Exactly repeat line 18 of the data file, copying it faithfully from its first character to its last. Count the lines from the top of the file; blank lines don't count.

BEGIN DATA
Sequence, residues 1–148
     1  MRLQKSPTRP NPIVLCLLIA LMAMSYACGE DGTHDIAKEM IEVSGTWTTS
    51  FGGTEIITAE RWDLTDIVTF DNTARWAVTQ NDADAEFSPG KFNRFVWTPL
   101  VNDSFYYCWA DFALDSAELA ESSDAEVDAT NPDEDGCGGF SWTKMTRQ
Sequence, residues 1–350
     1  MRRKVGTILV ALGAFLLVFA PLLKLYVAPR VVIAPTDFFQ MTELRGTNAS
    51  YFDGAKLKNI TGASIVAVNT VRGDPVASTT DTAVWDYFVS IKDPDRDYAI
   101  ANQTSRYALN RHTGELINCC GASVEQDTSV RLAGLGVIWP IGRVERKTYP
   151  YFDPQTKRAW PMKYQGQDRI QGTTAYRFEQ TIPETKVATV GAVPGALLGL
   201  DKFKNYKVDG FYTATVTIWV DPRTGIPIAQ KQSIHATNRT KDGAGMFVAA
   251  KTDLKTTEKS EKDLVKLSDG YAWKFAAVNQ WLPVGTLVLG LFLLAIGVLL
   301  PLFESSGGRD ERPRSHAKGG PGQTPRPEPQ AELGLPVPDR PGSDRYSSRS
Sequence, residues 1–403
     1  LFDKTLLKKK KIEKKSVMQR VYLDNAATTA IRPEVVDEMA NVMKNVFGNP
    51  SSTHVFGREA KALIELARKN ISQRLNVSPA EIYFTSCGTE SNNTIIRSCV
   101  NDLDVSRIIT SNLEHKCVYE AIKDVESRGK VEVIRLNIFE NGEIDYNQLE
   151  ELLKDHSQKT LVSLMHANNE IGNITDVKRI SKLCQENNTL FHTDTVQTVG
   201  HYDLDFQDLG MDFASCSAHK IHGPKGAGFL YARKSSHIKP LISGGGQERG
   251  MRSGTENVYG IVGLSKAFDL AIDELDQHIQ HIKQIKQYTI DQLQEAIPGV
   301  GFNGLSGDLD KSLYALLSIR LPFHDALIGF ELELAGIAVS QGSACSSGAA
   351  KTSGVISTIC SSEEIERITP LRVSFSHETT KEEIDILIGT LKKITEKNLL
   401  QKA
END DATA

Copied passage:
   201  HYDLDFQDLG MDFASCSAHK IHGPKGAGFL YARKSSHIKP LISGGGQERG